Another thought struck her about the bill. Drozdowski wondered what happens if someone is injured, a workers’ compensation claim isn’t disputed, the claim is paid and the employee is off the job. But then the plant closes: “Is the reduction in wage-earning capacity due to the work injury, or is it due to the plant closing? If you make the argument that it’s due to the plant closing, does the employer discontinue wage-loss benefits? I don’t know and I’m not sure what the courts will do with that,” she said.

So the wage-earning capacity portion of the bill, as written, will likely create legal hurdles that lawyers who represent injured workers will have to clear. “It certainly is a provision that favors the employer,” said Drozdowski, who has served on the state bar’s Workers’ Compensation Section.

“Many of the provisions are more favorable to the employer. Now, there are some that are very neutral and are likely to be supported by both plaintiff and defense counsel. But overall, it is something that I think many employers are embracing, and my understanding is the pushback is coming more from the unions.”

Drozdowski pointed out that one of the bill’s provisions could favor injured workers. It would allow workers’ comp settlements, known as redemptions, to be completed by written agreement rather than having claimants appear before a magistrate of the Workers’ Compensation Bureau. What makes this provision important for plaintiffs, Drozdowski said, is that a number of those bureaus have closed.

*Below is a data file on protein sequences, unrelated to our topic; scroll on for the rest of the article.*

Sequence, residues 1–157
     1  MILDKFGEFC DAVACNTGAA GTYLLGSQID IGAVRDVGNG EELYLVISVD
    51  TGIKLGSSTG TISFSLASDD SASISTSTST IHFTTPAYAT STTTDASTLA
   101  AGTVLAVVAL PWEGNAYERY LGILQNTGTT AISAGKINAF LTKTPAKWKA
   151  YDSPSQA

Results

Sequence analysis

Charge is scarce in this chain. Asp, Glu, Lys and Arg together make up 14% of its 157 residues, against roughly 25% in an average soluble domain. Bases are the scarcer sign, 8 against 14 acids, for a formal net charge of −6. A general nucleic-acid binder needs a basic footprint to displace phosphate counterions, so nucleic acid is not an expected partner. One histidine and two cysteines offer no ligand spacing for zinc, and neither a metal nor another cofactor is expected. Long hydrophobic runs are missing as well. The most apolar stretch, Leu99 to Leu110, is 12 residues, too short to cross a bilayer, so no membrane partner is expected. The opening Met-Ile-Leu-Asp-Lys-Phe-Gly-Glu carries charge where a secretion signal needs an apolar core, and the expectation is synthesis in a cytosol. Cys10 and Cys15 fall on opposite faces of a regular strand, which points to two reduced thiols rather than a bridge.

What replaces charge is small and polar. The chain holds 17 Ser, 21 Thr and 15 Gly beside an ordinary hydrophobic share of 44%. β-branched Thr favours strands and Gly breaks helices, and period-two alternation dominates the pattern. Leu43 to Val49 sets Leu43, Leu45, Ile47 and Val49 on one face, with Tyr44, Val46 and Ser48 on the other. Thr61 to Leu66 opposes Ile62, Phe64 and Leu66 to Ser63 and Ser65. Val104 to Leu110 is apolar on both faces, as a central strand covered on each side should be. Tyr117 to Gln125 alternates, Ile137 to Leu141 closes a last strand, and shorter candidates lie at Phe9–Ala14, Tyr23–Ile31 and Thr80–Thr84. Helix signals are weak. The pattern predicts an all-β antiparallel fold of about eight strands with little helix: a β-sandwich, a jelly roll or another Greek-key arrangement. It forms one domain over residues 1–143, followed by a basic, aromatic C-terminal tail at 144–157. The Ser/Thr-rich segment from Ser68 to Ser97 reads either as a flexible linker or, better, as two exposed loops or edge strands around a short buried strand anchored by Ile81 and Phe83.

“So an injured worker could be traveling a long distance to the bureau. Then there could be three, four, or even eight redemptions all scheduled to take place at 9 a.m. on the same day. Some people end up waiting several hours, and this (change) would be much more convenient, especially for injured workers who have difficulty traveling,” she said.

The new bill would allow much of the work to be done through affidavits, and the documents could be signed in an attorney’s office.

“It’s probably more cost-efficient for employers, too, but employers are not required to attend redemptions. So if it favors anyone, it would favor the claimant more than the employer,” she added.

The bill offers another change Drozdowski felt employers should know. Under the current statute, an employer controls the medical care an injured worker receives for the first 10 days after an injury. However, starting on the 11th day, an injured employee can seek care from anyone, often a primary-care doctor the employee knows. Primary-care physicians may not be as knowledgeable about certain injuries as specialists. But at the same time, a primary may be more familiar with the employee and more sympathetic to the patient’s injury than a specialist and thus be more likely to give the worker an off-work slip.

That medical timeline, though, changes under Jacobsen’s bill. “The new legislation proposes that the employer would control medical treatment for the first 45 days. That is certainly a long enough span of time that I can see that will really make a difference in the direction some claimants end up going in terms of treatment and returning to work,” she said.

“It’s in the employer’s best interest to find the best medical care available for their injured workers. The goal of everyone is to get this person well and get them back to work as quickly as possible.”